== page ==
“When we have leaders using dehumanizing language, talking about people in groups in a way that is discriminatory and debasing, when they traffic in anti-religious tropes, when they use violent imagery and language — that can have the effect of setting off people who are on the edge — who are not mentally stable — and causing them to carry out heinous attacks where lives are lost,” she said.
Partisanship is another critical threat to the role of religion in America’s public square, Rogers said.
While noting that political labels “rarely map well on religion,” Rogers said she has seen a tendency in the media and society at large to overlook religious practices and religious liberty claims that come from the political left and center, and in turn, a tendency to overemphasize religious liberty claims that come from the political right.
“We have people practicing their faith every day in ways that that don’t fit into a conservative cookie cutter approach,” she said. “We have Native Americans who are protesting the passage of oil pipelines across their land. Catholic nuns brought a lawsuit about that recently, in addition to issues raised around Standing Rock and other free-exercise claims made by Native Americans.”
Rogers reeled off a handful of others examples: an Arizona humanitarian worker who successfully invoked the Religious Freedom Restoration Act when he was put on trial for providing aid to migrants on the border; a South Texas Catholic diocese protesting the federal government’s efforts to use land on which a historic chapel sits for a border wall; houses of worship participating in the multifaith sanctuary movement to protect immigrants facing deportation; faith-based groups working with the government to serve as refugee resettlement agencies; resistance to the military draft; Sikhs and Muslims pushing for the right to wear headscarves, turbans and beards while serving in the military.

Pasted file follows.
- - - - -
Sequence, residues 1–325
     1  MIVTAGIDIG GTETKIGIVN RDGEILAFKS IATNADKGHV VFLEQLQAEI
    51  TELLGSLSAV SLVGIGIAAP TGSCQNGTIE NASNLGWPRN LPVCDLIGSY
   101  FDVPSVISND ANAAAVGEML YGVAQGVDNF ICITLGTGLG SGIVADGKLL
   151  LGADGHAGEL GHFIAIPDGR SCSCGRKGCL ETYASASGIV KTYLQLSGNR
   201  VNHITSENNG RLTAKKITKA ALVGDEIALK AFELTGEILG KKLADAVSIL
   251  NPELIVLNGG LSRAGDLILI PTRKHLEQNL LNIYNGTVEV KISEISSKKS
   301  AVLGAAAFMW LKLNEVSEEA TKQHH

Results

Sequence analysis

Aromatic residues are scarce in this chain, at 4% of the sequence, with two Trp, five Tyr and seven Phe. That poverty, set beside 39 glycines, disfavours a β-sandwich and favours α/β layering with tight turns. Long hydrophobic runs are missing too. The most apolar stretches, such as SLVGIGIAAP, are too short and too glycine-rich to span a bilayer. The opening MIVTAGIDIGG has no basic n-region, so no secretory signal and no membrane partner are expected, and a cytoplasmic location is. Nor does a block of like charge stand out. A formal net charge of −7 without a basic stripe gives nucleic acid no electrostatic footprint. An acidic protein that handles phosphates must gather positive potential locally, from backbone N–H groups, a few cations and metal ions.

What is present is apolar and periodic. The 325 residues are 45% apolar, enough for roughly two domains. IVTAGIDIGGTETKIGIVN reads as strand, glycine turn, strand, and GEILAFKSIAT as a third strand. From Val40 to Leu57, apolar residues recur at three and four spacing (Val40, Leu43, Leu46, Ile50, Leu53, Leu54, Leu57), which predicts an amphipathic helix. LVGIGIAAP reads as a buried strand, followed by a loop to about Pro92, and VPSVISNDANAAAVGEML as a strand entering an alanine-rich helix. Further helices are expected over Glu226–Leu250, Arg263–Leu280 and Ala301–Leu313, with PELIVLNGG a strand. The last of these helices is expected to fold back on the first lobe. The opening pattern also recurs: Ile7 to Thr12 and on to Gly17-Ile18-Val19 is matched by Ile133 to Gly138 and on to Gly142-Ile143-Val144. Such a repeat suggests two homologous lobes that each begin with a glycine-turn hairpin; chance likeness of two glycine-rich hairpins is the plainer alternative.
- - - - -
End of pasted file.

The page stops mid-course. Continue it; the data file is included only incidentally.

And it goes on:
Indeed, a report by Columbia Law School’s Law, Rights and Religion Project last month detailed religious liberty advocacy by progressive movements, rebutting what it called “widespread misconceptions” that only conservative Christians defend the right to religious liberty.
“It’s very important to understand that all of this activity exists out there,” Rogers said. “Free-exercise claims are often made by people who would not define themselves as politically conservative. It’s inaccurate to say the only people who take their religion seriously are people who are political conservatives.”